Most of our businesses customers and friendly competitors, have arrived in Palm Coast and this county by the same way….they were told by a friend, relative, advertising, employer or unions (NYCT) and the wealthy were magnetized by the developers. So kudos to Mr.Meeker!! Best around idea! Lets invite also our retired excellent professionals to help in this economic development and their ideas for the recognition and also the reward, when the goal to bring a job creating business materializes. Where the funds will come to pay the reward? simply from the increased revenue that the newly arrived business will create called, new tax revenue and just dedicate a percentage of it to the rewards and the events to honor our professional retirees volunteering on the endeavor….instead to waste 50,000/year in DBC or the over 80,000/year plus to Enterprise Flagler and their showy (who is who) pricey VIP’s. Imagine what just 50,000 new jobs created in this area will do and our budget nightmares will be over with. Kudos to Mr. Frank Meeker City of Palm Coast Councilman we should all support his idea!. Invite targeting the small businesses with our dream affordable golf courses, our boating, kayaking, water skiing, sailing, surfing, cycling, walkways and the beaches. Those are the ones that will come paying their own way, “without asking for millions (in taxpayers funds incentives, facilities and breaks)…just like we did”. We are not greedy, did not become millionaires, we work hard and pay all our bills, enjoy our home and comfortable living, help our community organizations every chance we can afford and still love wonderful Palm Coast and Flagler County. Go get them Mr. Meeker!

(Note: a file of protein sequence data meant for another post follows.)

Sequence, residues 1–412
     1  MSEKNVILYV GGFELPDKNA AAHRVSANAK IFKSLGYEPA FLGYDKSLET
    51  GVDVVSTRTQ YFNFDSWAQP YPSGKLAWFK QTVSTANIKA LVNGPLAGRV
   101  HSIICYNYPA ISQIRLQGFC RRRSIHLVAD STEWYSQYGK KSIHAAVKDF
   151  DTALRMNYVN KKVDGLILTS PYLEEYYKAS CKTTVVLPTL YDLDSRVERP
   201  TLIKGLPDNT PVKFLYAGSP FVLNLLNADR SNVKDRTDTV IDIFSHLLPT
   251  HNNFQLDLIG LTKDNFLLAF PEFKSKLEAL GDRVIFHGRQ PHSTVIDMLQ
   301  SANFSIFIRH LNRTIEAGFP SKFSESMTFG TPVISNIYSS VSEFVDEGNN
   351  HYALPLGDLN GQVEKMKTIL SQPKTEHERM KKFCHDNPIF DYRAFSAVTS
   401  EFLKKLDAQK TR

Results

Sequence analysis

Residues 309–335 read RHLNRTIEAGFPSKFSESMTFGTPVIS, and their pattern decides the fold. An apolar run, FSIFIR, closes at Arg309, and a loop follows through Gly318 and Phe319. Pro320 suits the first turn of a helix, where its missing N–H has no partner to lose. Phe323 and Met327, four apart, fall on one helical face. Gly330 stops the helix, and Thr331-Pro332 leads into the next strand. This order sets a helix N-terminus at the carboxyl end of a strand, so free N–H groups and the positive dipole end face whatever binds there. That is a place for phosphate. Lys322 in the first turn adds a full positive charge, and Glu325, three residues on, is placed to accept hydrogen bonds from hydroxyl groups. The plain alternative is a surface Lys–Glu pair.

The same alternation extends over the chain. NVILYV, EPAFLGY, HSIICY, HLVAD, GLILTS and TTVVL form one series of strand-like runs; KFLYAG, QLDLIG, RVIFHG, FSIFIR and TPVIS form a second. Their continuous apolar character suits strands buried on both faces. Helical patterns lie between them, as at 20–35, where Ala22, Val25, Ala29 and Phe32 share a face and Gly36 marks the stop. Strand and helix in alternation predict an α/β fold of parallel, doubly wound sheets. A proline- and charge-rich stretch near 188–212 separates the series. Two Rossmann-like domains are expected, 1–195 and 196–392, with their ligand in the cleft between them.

Wait just a minute now, are you sure about this as some of the buildings shown above look a lot like King B G’s airplane hangars at Flagler airport ?
So if something like that is on your wish list, we know the county has at least one large deluxe hangar presently sitting around gathering dust.
I am sure you can get a great deal on that one, it’s like brand new, and best of all it’s already been paid for with resident tax dollars.